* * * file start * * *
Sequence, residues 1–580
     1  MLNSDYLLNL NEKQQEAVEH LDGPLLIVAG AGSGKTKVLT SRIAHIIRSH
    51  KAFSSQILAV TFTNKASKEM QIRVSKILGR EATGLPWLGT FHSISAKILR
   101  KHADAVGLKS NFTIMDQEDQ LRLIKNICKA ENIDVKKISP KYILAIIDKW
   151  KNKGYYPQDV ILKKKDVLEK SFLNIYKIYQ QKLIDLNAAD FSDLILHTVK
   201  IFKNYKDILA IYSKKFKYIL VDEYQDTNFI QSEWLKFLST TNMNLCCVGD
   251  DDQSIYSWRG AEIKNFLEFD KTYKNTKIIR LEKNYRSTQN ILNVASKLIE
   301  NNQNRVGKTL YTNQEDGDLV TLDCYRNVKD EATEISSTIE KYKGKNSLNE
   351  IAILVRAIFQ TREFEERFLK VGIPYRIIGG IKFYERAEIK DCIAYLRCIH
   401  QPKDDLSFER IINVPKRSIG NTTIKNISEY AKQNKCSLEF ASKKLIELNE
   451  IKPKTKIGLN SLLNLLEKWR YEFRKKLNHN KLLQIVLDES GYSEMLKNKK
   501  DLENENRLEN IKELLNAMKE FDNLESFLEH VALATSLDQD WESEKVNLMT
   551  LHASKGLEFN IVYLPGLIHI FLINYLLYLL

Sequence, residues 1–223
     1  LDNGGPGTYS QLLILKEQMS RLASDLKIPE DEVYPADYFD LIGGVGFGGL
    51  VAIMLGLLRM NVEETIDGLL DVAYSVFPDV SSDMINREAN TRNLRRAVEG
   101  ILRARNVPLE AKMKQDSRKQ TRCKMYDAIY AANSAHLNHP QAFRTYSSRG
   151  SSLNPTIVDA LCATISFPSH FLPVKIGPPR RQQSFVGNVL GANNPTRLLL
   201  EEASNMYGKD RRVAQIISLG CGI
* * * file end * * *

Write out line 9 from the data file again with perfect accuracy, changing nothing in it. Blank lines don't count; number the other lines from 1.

   351  IAILVRAIFQ TREFEERFLK VGIPYRIIGG IKFYERAEIK DCIAYLRCIH